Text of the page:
white polyester fabric printed with the phrase horizontal waves of gold on a black background, like ripples spreading outward loosely structured shirt on a hanger, with characteristic ondule cells of closer and looser density matted piece with organic blotches of pink and blue, and an intricate squiggle of green sqaures of bright wool floats zigzag at varying rates; an overshot piece circles of deeply textured waffle weave open up between denser areas of pink silk a yellow cloth letting sunlight through, where a grid of warp has been burned away close-up of a green squiggle, built up by incremental movements back and forth, bound under warp threads small square of waffle weave held by the leaf of a plant in front of a blue wall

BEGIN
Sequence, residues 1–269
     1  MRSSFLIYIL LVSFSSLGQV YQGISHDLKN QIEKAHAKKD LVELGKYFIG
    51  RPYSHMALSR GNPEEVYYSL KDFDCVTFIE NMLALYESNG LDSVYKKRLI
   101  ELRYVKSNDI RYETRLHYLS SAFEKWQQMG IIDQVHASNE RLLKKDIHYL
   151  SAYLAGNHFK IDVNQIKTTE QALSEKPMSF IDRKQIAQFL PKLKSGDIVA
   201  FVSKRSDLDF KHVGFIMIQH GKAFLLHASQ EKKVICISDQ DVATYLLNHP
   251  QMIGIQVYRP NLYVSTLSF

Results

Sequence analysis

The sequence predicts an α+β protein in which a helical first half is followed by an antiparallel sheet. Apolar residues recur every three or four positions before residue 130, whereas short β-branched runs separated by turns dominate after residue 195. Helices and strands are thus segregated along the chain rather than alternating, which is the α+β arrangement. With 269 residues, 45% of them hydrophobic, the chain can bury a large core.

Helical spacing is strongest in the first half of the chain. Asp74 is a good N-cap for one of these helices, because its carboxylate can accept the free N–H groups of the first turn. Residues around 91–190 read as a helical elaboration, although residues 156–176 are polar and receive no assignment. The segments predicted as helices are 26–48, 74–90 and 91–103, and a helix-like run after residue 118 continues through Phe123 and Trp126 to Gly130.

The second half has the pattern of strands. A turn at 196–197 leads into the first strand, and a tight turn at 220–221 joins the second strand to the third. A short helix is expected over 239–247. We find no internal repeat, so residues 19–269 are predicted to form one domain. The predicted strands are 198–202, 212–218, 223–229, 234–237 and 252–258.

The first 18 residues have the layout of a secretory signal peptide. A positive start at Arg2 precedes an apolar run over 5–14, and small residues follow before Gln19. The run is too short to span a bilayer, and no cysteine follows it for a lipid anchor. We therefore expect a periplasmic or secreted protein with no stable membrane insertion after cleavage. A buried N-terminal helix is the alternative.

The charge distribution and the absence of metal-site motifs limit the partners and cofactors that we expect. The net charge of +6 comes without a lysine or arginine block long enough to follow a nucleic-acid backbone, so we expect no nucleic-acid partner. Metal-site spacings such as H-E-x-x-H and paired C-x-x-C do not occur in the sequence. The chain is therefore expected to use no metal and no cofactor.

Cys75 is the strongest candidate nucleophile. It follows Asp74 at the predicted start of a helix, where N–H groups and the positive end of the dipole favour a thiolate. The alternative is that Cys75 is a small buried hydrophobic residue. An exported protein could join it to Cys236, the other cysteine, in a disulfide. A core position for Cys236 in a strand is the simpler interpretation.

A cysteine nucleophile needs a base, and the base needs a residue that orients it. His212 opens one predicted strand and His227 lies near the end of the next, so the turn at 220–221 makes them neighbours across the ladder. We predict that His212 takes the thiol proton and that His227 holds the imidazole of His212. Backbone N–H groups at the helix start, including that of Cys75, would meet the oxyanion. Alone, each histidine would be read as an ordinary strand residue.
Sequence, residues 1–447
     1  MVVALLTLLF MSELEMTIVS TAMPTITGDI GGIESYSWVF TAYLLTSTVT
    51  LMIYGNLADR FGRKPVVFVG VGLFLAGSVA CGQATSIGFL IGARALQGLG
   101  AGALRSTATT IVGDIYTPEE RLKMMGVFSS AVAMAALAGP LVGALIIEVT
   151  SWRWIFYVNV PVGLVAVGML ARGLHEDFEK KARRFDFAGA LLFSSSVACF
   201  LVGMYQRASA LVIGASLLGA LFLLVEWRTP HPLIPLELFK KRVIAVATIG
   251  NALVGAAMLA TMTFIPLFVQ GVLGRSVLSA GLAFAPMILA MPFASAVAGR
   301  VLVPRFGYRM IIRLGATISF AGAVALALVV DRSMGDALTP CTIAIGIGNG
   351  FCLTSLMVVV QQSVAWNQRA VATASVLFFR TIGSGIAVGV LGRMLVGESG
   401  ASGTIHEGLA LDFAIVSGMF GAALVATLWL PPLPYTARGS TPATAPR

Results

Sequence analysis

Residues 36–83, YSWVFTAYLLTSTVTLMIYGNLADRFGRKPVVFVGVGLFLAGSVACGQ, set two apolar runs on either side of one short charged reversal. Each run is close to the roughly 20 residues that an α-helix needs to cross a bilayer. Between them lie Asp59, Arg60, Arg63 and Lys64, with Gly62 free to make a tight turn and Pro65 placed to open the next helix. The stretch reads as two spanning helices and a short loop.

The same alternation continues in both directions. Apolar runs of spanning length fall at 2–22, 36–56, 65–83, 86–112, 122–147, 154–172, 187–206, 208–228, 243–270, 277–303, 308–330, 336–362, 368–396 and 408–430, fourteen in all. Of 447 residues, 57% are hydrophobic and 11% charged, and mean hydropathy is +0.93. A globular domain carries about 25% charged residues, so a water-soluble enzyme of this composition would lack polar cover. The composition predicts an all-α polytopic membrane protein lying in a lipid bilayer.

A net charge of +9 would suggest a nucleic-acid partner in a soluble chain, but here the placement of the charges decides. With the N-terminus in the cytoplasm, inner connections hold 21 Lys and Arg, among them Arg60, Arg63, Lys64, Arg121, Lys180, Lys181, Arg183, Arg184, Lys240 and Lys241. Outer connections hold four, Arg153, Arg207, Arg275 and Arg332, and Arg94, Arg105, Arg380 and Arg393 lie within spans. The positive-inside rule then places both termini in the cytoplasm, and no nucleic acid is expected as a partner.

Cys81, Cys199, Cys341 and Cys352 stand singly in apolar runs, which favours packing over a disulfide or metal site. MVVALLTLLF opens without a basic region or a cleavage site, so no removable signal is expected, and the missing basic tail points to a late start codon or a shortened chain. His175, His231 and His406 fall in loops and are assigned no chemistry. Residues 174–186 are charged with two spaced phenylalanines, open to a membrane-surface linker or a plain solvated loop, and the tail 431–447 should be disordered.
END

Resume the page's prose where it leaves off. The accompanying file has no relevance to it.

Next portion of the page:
Ondulé is a rare technique that bends the typical right-angle grid of warp and weft into gently pulsing curves, expanding and contracting. I learned to weave waves this way, using a fan reed and fine adjustments, from Amy Putansu. In many small studies over the course of her workshop, I practiced and played with the effect, applying it to waffle, overshot, leno, and double weave, as well as devoré, warp painting, and disperse dyeing. At the end, I wove some subtly undulating linen yardage with a few green stripes, and made a shirt out of it, with more where that came from.